And then you're finished. Agree to this budget, kiss, and promise that if something comes up during the month, you will meet at the table again with this print-out and move numbers around to accommodate the surprise until the budget again totals zero.

Put the print-out somewhere where you can both access it regularly, and finish the cookies and chips before the kids figure out you're having a party.
Work together to manage your finances. Cooperate in establishing and following a budget. Discipline yourselves in your spending, and avoid the bondage of debt. Wise money management and freedom from debt contribute to peace in the home.

True to the Faith, [2004],97–101)

This step takes 15-45 minutes, depending on whether you are baking cookies.

Friday, August 6, 2010

Frugal Friday: Organizing Coupons

How many times have you clipped or printed a coupon thinking with the intention to use it only to find that when you got around to it, it had expired the month prior, or even more gut-wrenching, the day prior?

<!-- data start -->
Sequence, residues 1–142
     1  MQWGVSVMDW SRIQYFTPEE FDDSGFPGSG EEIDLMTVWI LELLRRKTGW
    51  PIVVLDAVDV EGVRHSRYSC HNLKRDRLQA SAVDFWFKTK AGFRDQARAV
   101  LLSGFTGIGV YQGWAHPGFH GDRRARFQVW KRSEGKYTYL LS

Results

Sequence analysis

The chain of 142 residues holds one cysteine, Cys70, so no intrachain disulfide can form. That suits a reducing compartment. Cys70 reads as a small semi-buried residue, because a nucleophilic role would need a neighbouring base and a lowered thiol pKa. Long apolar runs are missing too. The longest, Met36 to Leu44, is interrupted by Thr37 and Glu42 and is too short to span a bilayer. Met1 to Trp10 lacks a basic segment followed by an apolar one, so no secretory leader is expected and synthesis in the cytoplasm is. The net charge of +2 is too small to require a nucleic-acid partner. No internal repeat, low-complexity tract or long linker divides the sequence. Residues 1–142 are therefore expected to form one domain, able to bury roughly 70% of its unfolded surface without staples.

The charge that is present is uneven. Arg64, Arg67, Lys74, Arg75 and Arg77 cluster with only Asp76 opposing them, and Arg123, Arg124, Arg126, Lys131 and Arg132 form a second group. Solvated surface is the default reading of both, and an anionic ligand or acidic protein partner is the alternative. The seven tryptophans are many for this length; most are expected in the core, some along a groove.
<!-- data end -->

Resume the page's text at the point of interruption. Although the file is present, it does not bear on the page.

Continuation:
Yeah. Never happened to me either. This week.

If you want an easier way to find the coupons you need when you need them, here's an idea!

Take a sheet protector and a sewing machine, and do this:

It's as easy as deciding how you want your sheets sectioned off, marking the lines with a pen and ruler, and sewing over the marks.

To do the "three-section" page, I:
~ mark the lines
~ sew along the top of the sheet to close off the opening
~ sew two over the horizontal marks I made earlier, STOPPING at about a quarter inch from the right side of the sheet
~ cut a thin strip off the right side to create openings for the new sections

To do the "four-section" page, I:
~ mark the lines
~ cut the pocket holes for the bottom sections in only one layer of the sheet protector
~ sew over the lines

Use these to organize your coupons by aisles, expiration dates, or categories. Then, put them in a binder with your grocery mailers, and you'll be ready to plan your shopping trips!

Thursday, August 5, 2010

And life goes on...

The last two steps to 'creating a budget' will be posted this coming week, so that I may actually continue attending to my children today!

Tuesday, August 3, 2010

Create a Budget: Step 7b